From L to R: APPFI President, Dr. Aileen Baviera, Jed Rabena, a graduate student and Professors Chen Hanxi and Zhou Fangyin.
Two Chinese scholars from the Guangdong Institute for International Strategies of the Guangdong University of Foreign Studies presented contradicting opinions on the significance of the South China Sea territorial claims to China, during a public lecture last May 4 at the University of the Philippines’ Asian Center.
The public lecture entitled "Between Assertiveness and Self-Restraint: Understanding China's South China Sea Policy” featured Dr. Zhou Fangyin, the Director of the Center for China’s Regional Strategies of the Guangdong University, and Dr. Chen Hanxi, an International Relations professor from the same university.
Dr. Zhou argued that based on China’s actions and how the South China Sea disputes are mentioned by the Chinese government in official statements and documents, the disputes would appear not to be at the top of the China’s foreign policy agenda. Dr. Chen, however, argued the contrary.
Zhou’s argument is based on the fact that, following two top-level diplomatic conferences held by the Chinese government in 2013 and 2014 where all the members of the Standing Committee of the Chinese Communist Party’s Politburo were present, the South China Sea was not mentioned in the public documents that were produced from the two high-level conferences.
On the other hand, Chen pointed out that China’s new form of diplomacy, which he called great power diplomacy with Chinese characteristics, expanded China’s national interests.
In a White Paper issued by the Information Office of the State Council last 2011, China’s core interests included “state sovereignty, national security, territorial integrity, and national reunification, China’s political system established by the Constitution and overall social stability, and the basic safeguards ensuring sustainable economic and social development.”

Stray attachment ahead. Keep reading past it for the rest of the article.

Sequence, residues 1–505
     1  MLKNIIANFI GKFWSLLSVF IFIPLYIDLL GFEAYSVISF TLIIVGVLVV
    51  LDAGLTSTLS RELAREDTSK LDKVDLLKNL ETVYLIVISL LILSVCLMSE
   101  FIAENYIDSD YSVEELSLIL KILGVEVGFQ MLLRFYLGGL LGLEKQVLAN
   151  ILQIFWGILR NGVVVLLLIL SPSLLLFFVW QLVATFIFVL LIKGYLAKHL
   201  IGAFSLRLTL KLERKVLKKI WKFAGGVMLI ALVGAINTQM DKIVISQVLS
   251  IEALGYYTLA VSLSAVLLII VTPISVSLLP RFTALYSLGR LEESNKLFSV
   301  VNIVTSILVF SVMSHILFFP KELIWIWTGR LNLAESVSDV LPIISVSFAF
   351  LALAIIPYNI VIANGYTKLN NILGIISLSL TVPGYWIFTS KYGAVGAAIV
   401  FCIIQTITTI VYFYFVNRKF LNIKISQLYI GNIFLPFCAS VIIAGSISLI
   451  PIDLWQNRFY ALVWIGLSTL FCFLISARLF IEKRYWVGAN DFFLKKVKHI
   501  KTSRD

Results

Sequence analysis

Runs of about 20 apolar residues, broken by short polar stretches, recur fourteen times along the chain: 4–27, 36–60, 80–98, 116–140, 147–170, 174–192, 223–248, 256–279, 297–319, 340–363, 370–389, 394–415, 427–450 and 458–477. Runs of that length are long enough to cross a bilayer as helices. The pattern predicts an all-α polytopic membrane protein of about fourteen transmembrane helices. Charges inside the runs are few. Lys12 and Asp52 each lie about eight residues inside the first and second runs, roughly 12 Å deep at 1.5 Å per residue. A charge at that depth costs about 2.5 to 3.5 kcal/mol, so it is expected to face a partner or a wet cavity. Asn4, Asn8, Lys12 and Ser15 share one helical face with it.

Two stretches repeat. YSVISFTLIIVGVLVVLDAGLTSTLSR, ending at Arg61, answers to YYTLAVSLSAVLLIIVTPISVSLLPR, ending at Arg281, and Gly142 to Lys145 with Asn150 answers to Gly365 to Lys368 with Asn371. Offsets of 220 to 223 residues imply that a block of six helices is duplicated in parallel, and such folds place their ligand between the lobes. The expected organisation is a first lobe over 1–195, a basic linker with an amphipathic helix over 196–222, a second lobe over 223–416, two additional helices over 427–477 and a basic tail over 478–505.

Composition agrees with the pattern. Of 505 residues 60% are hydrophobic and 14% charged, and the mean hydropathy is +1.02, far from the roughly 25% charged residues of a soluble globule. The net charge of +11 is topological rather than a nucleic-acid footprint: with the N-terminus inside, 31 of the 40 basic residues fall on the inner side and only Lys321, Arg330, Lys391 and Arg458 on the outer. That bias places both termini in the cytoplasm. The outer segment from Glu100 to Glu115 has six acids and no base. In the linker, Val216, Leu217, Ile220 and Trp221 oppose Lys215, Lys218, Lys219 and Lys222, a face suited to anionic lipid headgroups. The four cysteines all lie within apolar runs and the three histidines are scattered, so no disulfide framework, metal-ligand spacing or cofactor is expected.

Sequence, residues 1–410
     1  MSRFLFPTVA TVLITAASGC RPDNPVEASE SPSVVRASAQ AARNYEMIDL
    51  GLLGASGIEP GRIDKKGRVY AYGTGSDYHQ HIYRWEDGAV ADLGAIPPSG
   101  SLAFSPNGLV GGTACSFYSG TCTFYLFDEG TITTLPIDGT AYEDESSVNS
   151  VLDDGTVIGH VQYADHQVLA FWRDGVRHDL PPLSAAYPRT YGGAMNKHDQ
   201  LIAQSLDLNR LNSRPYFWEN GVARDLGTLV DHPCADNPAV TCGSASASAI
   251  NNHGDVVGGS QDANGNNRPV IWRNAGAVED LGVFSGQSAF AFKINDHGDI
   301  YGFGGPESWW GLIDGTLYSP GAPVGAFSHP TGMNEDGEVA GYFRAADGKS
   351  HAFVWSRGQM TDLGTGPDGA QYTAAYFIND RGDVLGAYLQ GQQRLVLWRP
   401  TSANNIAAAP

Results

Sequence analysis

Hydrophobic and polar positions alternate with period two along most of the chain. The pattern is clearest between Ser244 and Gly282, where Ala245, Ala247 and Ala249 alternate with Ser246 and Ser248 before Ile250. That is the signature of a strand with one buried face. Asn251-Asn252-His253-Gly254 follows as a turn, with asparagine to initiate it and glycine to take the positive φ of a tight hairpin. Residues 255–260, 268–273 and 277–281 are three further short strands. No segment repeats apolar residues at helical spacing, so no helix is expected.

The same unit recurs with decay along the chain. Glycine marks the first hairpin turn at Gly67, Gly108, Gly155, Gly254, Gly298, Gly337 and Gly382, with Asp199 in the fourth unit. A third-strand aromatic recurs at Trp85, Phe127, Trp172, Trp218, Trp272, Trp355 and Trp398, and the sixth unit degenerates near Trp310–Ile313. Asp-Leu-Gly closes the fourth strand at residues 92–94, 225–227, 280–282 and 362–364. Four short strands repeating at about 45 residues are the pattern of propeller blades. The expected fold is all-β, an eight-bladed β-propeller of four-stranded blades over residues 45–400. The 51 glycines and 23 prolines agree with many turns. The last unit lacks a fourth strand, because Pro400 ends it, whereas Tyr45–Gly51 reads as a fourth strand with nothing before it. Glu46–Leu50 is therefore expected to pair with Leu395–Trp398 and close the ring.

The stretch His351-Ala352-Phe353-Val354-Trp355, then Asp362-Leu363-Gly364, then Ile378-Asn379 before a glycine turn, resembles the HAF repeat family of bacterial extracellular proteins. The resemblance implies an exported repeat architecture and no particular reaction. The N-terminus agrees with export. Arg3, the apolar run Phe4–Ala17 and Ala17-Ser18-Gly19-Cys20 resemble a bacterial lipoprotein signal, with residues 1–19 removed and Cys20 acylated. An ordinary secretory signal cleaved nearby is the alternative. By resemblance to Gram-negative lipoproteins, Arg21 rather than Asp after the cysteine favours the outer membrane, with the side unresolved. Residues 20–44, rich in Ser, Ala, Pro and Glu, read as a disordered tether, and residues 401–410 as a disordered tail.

Furthermore, Chen noted that the South China Sea as well as the Diaoyu/Senkaku Islands, another group of islands being disputed by China with Japan, has been articulated by the state-run paper People’s Daily, government officials, and Chinese scholars as part of China’s core interests.
Zhou, however, noted that the importance of the South China Sea territorial and maritime dispute may fluctuate depending on factors such as claimant countries’ actions on the dispute and the stability of the region based on the development of the issue.
In general, Zhou pointed out, the priority status of the South China Sea issue will depend on the bigger picture of Chinese diplomacy. China’s approach to the dispute is changing, reflecting a learning process where at one point it pursued a more assertive diplomatic line of ‘striving for achievement’ instead of its stance in the past of ‘keeping a low profile,’ but may now be giving way to a more restrained approach as the country focuses on Xi Jinping’s Belt and Road Initiative.
The public lecture was co-organized by the UP Asian Center and the Asia Pacific Pathways to Progress Foundation, Inc. or APPFI to a full house of over a hundred attendees.
This article was originally published on the APPFI website.
The UP Asian Center offers M.A. programs in Asian Studies with four fields of specialization: Northeast Asia, Southeast Asia, South Asia, and West Asia. The Center also has an M.A. program in Philippine Studies that allows students to major in Philippine society and culture, Philippine foreign relations, or Philippine development studies. The Center offers a Ph.D. program in Philippine Studies in conjunction with the College of Arts and Letters and the College of Social Sciences and Philosophy. Get an overview of these programs. The Asian Center also houses a peer-reviewed, open-access journal, Asian Studies: Journal of Critical Perspectives on Asia. It has published several books and monographs, and hosts or organizes various lectures and conferences.